i like that. i don't suppose it would be possible to add bulwarks to a production FG boat.
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  #34  
Old 01-19-2014
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Re: why so long?

Tiller handle on our Catalina 27 is about 36-40 inches. I imagine this one is so long because the PO did a lot of singlehanded sailing and wanted the protection of being further forward perhaps behind a dodger.
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  #35  
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Re: why so long?

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Originally Posted by delite View Post
Tiller handle on our Catalina 27 is about 36-40 inches. I imagine this one is so long because the PO did a lot of singlehanded sailing and wanted the protection of being further forward perhaps behind a dodger.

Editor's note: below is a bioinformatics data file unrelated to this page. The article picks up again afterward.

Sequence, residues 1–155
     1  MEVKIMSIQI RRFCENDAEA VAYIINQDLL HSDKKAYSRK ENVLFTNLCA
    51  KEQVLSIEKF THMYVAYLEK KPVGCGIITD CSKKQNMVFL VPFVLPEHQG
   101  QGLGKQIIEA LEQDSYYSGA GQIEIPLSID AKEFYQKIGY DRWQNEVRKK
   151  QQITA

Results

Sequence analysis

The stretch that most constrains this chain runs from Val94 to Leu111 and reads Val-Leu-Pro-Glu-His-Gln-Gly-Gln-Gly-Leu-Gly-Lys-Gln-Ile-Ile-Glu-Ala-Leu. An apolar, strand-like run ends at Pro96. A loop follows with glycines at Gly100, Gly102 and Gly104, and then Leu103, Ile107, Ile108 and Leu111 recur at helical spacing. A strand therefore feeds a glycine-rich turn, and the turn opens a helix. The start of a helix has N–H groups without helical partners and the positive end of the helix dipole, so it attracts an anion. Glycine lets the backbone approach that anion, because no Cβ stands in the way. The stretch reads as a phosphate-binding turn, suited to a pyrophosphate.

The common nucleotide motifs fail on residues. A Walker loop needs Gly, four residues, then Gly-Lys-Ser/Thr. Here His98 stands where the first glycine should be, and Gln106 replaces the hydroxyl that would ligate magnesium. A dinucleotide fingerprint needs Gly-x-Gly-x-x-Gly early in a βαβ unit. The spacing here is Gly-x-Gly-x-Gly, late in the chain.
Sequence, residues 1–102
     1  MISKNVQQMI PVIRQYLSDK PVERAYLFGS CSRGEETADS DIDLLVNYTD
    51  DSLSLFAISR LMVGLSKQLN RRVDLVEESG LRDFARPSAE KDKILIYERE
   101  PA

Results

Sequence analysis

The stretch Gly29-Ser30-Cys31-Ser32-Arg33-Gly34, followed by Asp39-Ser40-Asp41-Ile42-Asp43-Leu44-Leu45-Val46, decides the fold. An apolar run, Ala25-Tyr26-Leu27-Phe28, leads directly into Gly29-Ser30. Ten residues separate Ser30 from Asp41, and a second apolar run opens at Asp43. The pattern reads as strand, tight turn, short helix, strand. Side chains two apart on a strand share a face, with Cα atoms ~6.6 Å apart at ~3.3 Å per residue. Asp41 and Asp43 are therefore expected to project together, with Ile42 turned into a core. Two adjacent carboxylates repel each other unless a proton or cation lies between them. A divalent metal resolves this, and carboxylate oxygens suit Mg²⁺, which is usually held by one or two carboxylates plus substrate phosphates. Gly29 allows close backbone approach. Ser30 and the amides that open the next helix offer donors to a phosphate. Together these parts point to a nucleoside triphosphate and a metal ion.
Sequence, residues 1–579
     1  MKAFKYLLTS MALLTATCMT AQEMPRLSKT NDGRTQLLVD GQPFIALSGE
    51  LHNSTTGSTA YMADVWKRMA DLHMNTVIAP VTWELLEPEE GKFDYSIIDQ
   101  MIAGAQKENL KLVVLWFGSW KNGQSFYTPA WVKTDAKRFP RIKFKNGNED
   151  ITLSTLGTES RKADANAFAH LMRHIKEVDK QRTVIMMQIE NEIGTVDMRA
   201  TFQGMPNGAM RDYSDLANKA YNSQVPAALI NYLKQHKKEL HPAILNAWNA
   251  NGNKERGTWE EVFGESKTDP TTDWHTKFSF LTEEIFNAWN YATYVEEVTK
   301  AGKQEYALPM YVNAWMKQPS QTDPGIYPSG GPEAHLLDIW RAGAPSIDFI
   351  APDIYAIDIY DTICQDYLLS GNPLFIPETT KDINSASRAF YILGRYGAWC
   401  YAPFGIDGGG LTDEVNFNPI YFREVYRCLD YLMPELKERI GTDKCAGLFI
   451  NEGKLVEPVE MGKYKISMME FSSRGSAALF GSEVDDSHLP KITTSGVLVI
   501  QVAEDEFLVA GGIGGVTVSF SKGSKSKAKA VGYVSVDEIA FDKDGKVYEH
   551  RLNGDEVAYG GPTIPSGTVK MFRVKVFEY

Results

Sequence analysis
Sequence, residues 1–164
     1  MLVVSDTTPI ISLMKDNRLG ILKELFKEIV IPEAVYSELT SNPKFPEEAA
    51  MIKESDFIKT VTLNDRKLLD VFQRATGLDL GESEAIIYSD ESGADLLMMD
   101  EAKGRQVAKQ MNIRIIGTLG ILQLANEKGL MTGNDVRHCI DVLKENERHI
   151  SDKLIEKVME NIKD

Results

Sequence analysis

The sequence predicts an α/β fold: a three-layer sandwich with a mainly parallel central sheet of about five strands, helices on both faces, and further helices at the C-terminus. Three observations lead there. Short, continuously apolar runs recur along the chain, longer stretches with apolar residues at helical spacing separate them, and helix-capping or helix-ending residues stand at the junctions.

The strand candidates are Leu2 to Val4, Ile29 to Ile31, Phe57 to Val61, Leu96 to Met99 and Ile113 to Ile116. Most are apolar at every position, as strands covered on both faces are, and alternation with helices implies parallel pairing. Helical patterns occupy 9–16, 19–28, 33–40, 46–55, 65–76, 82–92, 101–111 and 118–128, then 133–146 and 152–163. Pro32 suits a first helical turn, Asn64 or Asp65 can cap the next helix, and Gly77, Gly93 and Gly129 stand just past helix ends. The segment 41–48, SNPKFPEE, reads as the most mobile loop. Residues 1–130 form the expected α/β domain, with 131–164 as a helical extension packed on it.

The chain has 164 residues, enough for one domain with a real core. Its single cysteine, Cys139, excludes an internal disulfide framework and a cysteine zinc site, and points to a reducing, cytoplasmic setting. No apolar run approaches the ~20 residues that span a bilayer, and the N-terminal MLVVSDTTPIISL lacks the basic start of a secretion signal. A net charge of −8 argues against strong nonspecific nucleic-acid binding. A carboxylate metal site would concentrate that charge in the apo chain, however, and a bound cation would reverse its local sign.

pretty sure the tiller is the stock length but, i also imagine that is the reason it was designed with such a long tiller. 36-40" would be much better.

by the way, no dodger possible with the pop top on this cal, i think. at least, i don't see a practical way that would work.
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  #36  
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Re: why so long?

Quote:
Originally Posted by captain jack View Post
i like that. i don't suppose it would be possible to add bulwarks to a production FG boat.
You might -- he has at least 3 different ways of making them. You would need clear access to the outboard interior of the hull, to locate mounting points and install healthy backing plates. Much depends upon your hull construction.
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  #37  
Old 01-19-2014
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Re: why so long?

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Originally Posted by manatee View Post